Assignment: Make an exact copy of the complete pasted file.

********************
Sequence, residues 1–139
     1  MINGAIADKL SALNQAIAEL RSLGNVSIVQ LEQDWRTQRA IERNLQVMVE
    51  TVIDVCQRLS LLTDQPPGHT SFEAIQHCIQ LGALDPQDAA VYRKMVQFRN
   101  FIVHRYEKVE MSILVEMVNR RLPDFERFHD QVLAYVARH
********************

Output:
Sequence, residues 1–139
     1  MINGAIADKL SALNQAIAEL RSLGNVSIVQ LEQDWRTQRA IERNLQVMVE
    51  TVIDVCQRLS LLTDQPPGHT SFEAIQHCIQ LGALDPQDAA VYRKMVQFRN
   101  FIVHRYEKVE MSILVEMVNR RLPDFERFHD QVLAYVARH